In Karen Jones, Mark Timmons & Aaron Zimmerman (eds.), Routledge Handbook on Moral Epistemology. Routledge. pp. 139-156 (2018)

Authors
Victor Kumar
Boston University
Joshua May
University of Alabama, Birmingham
Abstract
This chapter discusses contemporary scientific research on the role of reason and emotion in moral judgment. The literature suggests that moral judgment is influenced by both reasoning and emotion separately, but there is also emerging evidence of the interaction between the two. While there are clear implications for the rationalism-sentimentalism debate, we conclude that important questions remain open about how central emotion is to moral judgment. We also suggest ways in which moral philosophy is not only guided by empirical research but continues to guide it.
Keywords rationalism  sentimentalism  disgust
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References found in this work BETA

Thinking, Fast and Slow.Daniel Kahneman - 2011 - New York: Farrar, Straus & Giroux.

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Citations of this work BETA

Regard for Reason in the Moral Mind.Joshua May - 2018 - Oxford University Press.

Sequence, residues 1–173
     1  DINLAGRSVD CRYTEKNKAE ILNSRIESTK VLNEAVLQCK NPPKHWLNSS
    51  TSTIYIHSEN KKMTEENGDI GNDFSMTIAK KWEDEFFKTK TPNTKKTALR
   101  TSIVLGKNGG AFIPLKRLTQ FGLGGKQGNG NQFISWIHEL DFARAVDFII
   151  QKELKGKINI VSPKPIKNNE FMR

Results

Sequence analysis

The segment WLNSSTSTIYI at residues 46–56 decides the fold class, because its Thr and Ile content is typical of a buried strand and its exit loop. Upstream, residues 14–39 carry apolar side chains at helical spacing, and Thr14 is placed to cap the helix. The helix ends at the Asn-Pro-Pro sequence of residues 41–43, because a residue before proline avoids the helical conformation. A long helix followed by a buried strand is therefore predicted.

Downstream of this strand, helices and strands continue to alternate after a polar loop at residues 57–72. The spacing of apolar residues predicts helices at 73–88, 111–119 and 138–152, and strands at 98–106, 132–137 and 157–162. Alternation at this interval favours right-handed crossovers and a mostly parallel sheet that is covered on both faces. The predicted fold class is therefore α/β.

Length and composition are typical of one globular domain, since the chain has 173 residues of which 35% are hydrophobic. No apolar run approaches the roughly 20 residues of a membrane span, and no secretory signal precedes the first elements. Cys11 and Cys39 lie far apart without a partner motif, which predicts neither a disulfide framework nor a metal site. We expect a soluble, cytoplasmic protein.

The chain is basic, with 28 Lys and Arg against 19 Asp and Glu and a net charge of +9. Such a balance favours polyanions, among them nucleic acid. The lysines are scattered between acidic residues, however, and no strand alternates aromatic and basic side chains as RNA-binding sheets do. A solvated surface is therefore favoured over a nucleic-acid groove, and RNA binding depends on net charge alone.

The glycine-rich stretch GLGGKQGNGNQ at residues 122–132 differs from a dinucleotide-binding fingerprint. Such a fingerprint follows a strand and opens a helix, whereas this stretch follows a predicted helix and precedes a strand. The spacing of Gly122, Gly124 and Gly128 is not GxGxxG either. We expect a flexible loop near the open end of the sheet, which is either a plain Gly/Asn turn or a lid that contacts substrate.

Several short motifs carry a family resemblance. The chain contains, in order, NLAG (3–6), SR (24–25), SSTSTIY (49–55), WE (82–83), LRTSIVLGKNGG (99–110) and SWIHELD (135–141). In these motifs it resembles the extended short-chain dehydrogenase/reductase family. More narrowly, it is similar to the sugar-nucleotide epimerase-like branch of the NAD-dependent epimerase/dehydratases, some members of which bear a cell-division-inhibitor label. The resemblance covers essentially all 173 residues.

The Neuroscience of Moral Judgment: Empirical and Philosophical Developments.Joshua May, Clifford I. Workman, Julia Haas & Hyemin Han - forthcoming - In Felipe De Brigard & Walter Sinnott-Armstrong (eds.), Neuroscience and Philosophy. Cambridge, USA: MIT Press.
The Limits of Emotion in Moral Judgment.Joshua May - 2018 - In Karen Jones & Francois Schroeter (eds.), The Many Moral Rationalisms. Oxford University Press. pp. 286-306.
Chimpanzee Normativity: Evidence and Objections.Simon Fitzpatrick - 2020 - Biology and Philosophy 35 (4):1-28.
Embodied Cognition.A. Wilson Robert & Foglia Lucia - 2011 - Stanford Encyclopedia of Philosophy.

View all 6 citations / Add more citations

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